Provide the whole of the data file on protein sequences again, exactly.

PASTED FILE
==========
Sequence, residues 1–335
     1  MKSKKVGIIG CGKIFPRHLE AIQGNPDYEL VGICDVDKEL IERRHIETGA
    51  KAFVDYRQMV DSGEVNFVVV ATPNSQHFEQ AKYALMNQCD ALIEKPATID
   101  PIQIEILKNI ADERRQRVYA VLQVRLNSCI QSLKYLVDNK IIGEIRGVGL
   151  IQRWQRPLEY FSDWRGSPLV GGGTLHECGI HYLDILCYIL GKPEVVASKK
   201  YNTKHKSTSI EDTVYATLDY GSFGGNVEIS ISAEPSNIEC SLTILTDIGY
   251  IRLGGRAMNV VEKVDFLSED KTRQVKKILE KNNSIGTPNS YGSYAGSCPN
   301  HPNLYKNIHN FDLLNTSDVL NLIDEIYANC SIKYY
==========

Sequence, residues 1–335
     1  MKSKKVGIIG CGKIFPRHLE AIQGNPDYEL VGICDVDKEL IERRHIETGA
    51  KAFVDYRQMV DSGEVNFVVV ATPNSQHFEQ AKYALMNQCD ALIEKPATID
   101  PIQIEILKNI ADERRQRVYA VLQVRLNSCI QSLKYLVDNK IIGEIRGVGL
   151  IQRWQRPLEY FSDWRGSPLV GGGTLHECGI HYLDILCYIL GKPEVVASKK
   201  YNTKHKSTSI EDTVYATLDY GSFGGNVEIS ISAEPSNIEC SLTILTDIGY
   251  IRLGGRAMNV VEKVDFLSED KTRQVKKILE KNNSIGTPNS YGSYAGSCPN
   301  HPNLYKNIHN FDLLNTSDVL NLIDEIYANC SIKYY